As a child, Sophy lived and worked on a garbage dump and didn’t go to school until the age of 11 after CCF found her. Remarkably, she has gone on to win a scholarship to study in Australia and is now set to start a degree.
When she was 11 years old, Sophy Ron was photographed on the city garbage dump in Phnom Penh, then the largest and most notorious landfill site in Southeast Asia, where she worked from dawn until dusk picking through piles of festering rubbish.
The image was taken during a visit by Scott Neeson, before the Cambodian Children’s Fund had even been set up.
Sophy is in a crocheted red hat standing on the dump, where she also lived sometimes, with a mountain of rotten garbage towering over her from behind.
Wearing a dirty green top – scavenged from the decomposing refuse around her – her small child’s hand, encrusted with dirt, clutched a sack slung over her shoulder to collect the sellable items she’d found in the trash.
Her radiant smile shone out amid the grime around her.
12 years later, Sophy recently stood on a stage at the prestigious Trinity College at the University of Melbourne in Australia and gave the valedictorian speech for her graduating class of 2019 after completing her first year as a university student.
Anyone who heard Sophy Ron’s speech that day could not fail to be moved by her truly extraordinary story. It was the culmination of a journey for Sophy, from the garbage dump of Steung Meanchey in Phnom Penh to the halls of Trinity College, the oldest residential college of the University of Melbourne.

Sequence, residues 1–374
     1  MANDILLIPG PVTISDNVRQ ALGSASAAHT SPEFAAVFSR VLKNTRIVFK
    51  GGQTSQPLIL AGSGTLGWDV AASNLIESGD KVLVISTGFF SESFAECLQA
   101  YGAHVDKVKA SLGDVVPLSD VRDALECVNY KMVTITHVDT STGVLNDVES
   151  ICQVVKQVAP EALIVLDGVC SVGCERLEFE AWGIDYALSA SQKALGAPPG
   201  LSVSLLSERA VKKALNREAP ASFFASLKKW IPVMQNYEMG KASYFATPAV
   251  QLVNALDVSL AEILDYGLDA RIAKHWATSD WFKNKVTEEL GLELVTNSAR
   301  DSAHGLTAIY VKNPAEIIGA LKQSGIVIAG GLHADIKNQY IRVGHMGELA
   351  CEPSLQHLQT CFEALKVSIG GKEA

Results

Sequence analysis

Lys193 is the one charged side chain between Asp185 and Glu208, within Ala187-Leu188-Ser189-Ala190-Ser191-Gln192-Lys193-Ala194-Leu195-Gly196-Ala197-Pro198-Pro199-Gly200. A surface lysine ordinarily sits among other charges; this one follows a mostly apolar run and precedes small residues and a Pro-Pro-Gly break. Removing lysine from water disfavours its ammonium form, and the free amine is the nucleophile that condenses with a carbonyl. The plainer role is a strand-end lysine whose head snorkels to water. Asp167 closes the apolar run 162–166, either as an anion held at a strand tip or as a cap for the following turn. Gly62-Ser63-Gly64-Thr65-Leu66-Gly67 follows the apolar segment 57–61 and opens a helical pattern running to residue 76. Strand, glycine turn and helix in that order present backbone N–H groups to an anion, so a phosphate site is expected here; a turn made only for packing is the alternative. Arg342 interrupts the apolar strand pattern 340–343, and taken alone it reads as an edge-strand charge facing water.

Not everyone in the audience for the graduation ceremony on May 24 knew about Sophy’s story. Even some of her classmates who had spent the last year studying with her, were not aware.
Her story would reduce some of them to tears.
It was that of a little girl who grew up in poverty in Cambodia and could only dream of one day going to school.
“Ten years ago, I was a clueless little girl who helped support her family by picking rubbish on a noxious and filthy garbage dump every day for money. I did that seven days a week, from early morning until dark,” Sophy told the audience.
Home was a tattered makeshift tent or ramshackle shelter on or around the filthy dumpsite, where the family of eight would squeeze into at night. Pictured below is one of these ‘homes’ where Sophy lived, with Scott Neeson standing with her mother and two children from the family.
Breakfast and lunch was discarded, rotting food that Sophy found amid the fly infested dump.
The family had to keep moving – when the owner of the land where they had illegally pitched their makeshift home chased them off or the wind blew their home away.
Sophy only had one pair of clothes, a tattered and dirty outfit scavenged from the rubbish where she stood every day.
I never knew what school was like, never knew what English was and never knew that life could be so beautiful.
The reaction to her words took her by surprise.
“I was nervous about the speech and what the response might be,” says Sophy, who has travelled back to Cambodia to see her family following her graduation.